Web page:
May have a day or two 4/14-4/28, again.
    I am 60 yrs old relatively fit, but need to stay at lower elevations, do not want to be where there is any snow. I’d love to be where the Sakura are current, I would guess altitude effects that as well as latitude? I will probably be by myself.
    I wondered about doing something like Tsukuba san near Tokyo, but wonder if there is something in the Kansai area or in Nagano. Forty years ago I was on a small island in the Seto Nai Kai, where flowers were raised and it was a lovely day walk, but I don’t remember the name of it.
    Of course I’d be delighted to do day hikes based out of an onsen!
    Speak some Japanese, read a little less.
    Experienced with Japanese daily life. Do you have suggestions?

    Thanks

    • wes Says:

      Becky,

      You’ll certainly have a fair amount of options in mid-April.

      Tsukuba will definitely be snow-free in April, and even though the hike is steep in places, it’s relatively short.

      If you want cherry blossoms, however, you might want to consider Mt. Yoshino near Osaka. It’s basically an entire mountain of cherry blossoms and most of the hike is done on a surfaced road which passes some really beautiful temples. The place does get very crowded during this time, though.

      Elsewhere, you could easily spend a day wandering around the temples of Nikko north of Tokyo. Most of the hiking is centered around Lake Chuzenji, but those peaks will still be covered in a lot of snow, but the temples near the town of Nikko should be snow-free.

      Kyoto city has a couple of interesting walks as well. If you’re interested in monkeys, then a trip to Arashiyama monkey park is in order. It’s in the Arashiyama area of Kyoto, and it’s a 20-minute hike to the top of a mountain where a large pack of monkeys live. There’s a hut on top of the mountain where you can feed the monkeys. The monkey park costs 500 yen to enter, but the monkeys are wild (not confined to cages) so it’s pretty interesting.

      Let me know if you have any other questions.

      Wes

  20. Chinhin Says:

    Hi,
    Thank you for putting together such an informative site. My buddy and I are flying into Tokyo from June 15-19 to do some hikes in the Japanese Alps and we are considering Oku-hotaka but would like to know of some alternatives in the vicinity. Do you have any recommendations? Basically our criteria are:
    1. accessible by public transportation
    2. no camping required. (we are not planning to bring a tent)
    Any advice would be much appreciated!
    Chinhin (Hong Kong)

    • wes Says:

      Chinhin,

      Oku-hotaka is a great mountain, but there also also smaller peaks in the area if you don’t want to do an overnight trip. I think a lot of it will depend on the weather. Right now it’s the rainy season in Japan, so the conditions might not be so good.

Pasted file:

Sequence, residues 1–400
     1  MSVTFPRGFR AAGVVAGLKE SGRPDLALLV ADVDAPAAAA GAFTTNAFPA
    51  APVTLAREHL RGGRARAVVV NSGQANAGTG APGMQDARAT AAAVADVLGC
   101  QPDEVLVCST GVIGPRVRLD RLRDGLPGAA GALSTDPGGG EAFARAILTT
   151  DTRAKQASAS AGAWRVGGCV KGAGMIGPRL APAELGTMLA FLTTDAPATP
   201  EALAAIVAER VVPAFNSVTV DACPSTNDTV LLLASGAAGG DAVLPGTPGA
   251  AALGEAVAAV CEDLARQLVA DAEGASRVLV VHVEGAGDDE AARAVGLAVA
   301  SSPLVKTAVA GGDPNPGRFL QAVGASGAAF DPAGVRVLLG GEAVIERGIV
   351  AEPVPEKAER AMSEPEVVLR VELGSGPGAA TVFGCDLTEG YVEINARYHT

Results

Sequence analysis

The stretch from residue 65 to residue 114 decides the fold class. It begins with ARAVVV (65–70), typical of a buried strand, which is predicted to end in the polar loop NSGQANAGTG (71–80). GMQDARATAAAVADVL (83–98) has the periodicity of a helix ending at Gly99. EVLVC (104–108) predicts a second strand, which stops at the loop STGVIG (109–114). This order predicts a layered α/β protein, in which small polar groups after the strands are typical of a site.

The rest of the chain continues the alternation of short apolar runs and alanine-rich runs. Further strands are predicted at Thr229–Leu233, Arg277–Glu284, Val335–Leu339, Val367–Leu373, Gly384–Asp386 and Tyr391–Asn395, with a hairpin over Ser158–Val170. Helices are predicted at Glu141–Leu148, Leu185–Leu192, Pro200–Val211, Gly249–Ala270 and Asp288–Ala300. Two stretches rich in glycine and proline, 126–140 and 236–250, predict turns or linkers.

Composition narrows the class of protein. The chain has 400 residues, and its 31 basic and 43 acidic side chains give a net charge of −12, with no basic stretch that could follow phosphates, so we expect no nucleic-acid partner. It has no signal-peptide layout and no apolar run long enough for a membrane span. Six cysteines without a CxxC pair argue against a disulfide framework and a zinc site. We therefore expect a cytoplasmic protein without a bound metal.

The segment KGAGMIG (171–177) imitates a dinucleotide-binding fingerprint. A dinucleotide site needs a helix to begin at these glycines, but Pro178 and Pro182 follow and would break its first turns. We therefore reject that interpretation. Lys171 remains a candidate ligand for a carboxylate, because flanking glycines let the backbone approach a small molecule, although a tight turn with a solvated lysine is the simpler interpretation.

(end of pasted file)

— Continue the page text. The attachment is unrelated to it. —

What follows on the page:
If you make it to Kamikochi, then I recommend climbing Yake-dake. It’s an active volcano and can be done as a day trip from there (6 to 8 hours round trip). There are a lot of easier, relatively flat hikes in Kamikochi itself that you could do if the weather is bad.

      Norikura-dake is a fun peak if you want to get a taste of the Alps without all the hard work. You can take a bus up to 2700m and then hike the remaining 300 vertical meters through the snow. The views are incredible when the weather is good.

      Habuka would be another option. It’s north of Kamikochi and accessible by overnight bus or train from Tokyo. It’s a nice village to be based in, and there are lots of hikes into the alpine through the ski fields. Taking the ski lifts will help save time. Right now there’s still quite a lot of snow in the Alps, so make sure you keep this in mind when you plan.

      Let me know if you have any other questions. There are a lot of mountains in this country!

      Wes

      • Chinhin Says:

        Hi Wes,
        Thank you so much for your advice. We would definitely consider Norikura-dake, if the kamikochi area turns out to be too soggy.

  21. santhosh Says:

    The blog is very interesting and very informative. I being fond of Treks, was desperately searching for hiking places. And i say, its my luck i some how got into this blog. Havent visited any place mentioned in your blog, but sure will update/comment once i visit any of them.


  22. Wow…great site! My husband and I live in Nogata-shi. We just moved to Japan from Saipan. My husband is Japanese-I’m American. We are in our early and mid 50′s, in fairly good shape, BUT have not been hiking in quite a number of years!!

    We love the out-doors and would like to go hiking as a weekend past-time. We are for all practical purposes-beginners. I’m actually the one who is pushing for this new adventure in our lives…so I’ll probably have to be the one to dig up all the info. I was wondering- do you know of any sites (in English) that would help us to get started? I went hiking YEARS ago-in America…

    Anyinfo for beginners would be appreciated (anyone else out there that has any info-I’d love to hear from you!). I really appreciate this site…been looking around for info on Japan hiking- but most is in Japanese.

    Would also like to find a hiking club in our area-Nogata-shi.

    Thanks for your hard work and effort here!

  23. ken Says:

    I am exploring the possibility of a cross-Japan (E/W) hike; hiked across Scotland a few years ago using small hotels, B&Bs and the like, and the notion of a water-to-water crossing appeals to me. I am having difficulty finding material in English regarding longer hikes of this nature. I am in the early stages, so open to suggestions/opportunities in any area North to South. Timing is likely spring to summer 2012, and I have about 2-3 weeks for the hike. Really looking for a nightly room, not tent camping.